Fluazinam provided effective control of Sclerotinia blight (Sclerotinia minor Jagger) of peanut in six field trials during a 4-yr period. Applications of fluazinam (0.56 kgha) at the onset of Sclerotinia blight and 4 wk later provided an average of 69 suppression of disease incidence and increased yields by 1598 kgha compared to untreated plots. Performance of fluazinam was significantly better than iprodione, the material currently used for control of Sclerotinia blight. Two applications of iprodione at 1.12 kgha provided only 31 suppression of disease incidence and increased yield by 718 kgha. Fungicides were also evaluated in 1990 as tank-mixes with chlorothalonil (1.26 kgha) that were applied in foliar sprays according to the Virginia peanut leafspot advisory program. Treatments consisted of no fungicide, chlorothalonil alone, and tank-mixes of chlorothalonil plus either dicloran at 2.10 kgha, fluazinam at 0.56 kgha, or iprodione at 0.84 kgha. Sclerotinia blight at harvest in untreated plots and plots treated with chlorothalonil alone averaged 27.8 and 35.8 disease foci per plot, whereas yields averaged 3624 and 2251 kgha, respectively. Compared to plots treated with chlorothalonil alone, Sclerotinia blight was suppressed by 92, 25, and 25, and yield was increased by 4020, 1925, and 1684 kgha in plots treated with chlorothalonil plus either fluazinam, iprodione, or dicloran, respectively. Applications of tank-mixes containing fluazinam plus chlorothalonil in 1991 provided additional evidence that this approach was a highly effective means of controlling both Sclerotinia blight and early leafspot, a previously unattainable goal. Fluazinam did not control early leafspot (Cercospora arachidicola S. Hori) in field trials; however, the fungicide was fungitoxic in vitro to Sclerotium rolfsii Sacc. and Rhizoctonia solani Khn.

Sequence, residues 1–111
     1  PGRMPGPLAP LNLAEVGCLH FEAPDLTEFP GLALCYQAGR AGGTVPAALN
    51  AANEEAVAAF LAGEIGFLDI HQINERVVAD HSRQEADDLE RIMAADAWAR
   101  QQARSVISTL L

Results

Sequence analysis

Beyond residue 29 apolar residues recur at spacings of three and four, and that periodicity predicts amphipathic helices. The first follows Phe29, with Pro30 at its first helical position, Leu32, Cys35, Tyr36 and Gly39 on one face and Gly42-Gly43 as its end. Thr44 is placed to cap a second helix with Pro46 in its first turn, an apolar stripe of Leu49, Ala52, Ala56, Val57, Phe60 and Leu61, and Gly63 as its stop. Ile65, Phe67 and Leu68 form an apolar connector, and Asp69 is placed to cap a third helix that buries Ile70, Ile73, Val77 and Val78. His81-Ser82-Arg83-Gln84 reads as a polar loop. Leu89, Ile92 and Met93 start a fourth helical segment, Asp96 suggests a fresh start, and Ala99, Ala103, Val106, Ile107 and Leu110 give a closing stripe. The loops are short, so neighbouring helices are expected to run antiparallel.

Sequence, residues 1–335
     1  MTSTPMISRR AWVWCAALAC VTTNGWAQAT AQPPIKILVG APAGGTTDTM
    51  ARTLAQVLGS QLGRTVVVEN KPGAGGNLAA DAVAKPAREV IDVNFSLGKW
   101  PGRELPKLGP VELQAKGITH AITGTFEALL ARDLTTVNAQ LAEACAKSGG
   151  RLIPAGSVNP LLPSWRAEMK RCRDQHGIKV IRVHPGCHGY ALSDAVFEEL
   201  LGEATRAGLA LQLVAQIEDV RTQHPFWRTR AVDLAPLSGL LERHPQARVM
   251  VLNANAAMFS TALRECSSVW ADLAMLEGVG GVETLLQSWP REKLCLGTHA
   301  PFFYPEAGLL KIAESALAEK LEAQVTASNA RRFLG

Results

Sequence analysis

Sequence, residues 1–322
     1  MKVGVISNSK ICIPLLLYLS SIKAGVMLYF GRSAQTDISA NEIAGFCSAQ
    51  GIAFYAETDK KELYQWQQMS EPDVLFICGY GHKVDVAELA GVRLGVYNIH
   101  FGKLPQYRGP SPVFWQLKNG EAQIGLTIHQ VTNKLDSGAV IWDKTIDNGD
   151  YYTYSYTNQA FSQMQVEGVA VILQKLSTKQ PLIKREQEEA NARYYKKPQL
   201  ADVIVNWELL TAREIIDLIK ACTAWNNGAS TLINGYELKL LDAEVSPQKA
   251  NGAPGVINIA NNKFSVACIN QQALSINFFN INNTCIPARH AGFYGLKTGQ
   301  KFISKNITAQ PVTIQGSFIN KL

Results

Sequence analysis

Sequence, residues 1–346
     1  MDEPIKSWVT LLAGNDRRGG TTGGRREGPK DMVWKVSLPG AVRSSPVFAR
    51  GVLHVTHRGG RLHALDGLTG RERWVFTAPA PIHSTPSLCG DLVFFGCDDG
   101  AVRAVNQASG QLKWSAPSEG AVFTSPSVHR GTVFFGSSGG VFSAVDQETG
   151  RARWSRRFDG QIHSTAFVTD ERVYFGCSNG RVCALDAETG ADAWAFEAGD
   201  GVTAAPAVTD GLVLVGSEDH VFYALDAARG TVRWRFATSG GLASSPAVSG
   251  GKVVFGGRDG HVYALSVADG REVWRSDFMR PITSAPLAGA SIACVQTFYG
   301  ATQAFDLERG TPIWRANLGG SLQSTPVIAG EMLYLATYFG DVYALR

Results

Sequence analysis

Keywords: Arachis hypogaea, fungicides, Groundnut, Sclerotinia minor
How to Cite:
Smith, F. & Phipps, P. & Stipes, R.,
(2022) “Fluazinam: A New Fungicide for Control of Sclerotinia Blight and Other Soilborne Pathogens of Peanut1”,
Peanut Science ,
01 May 2022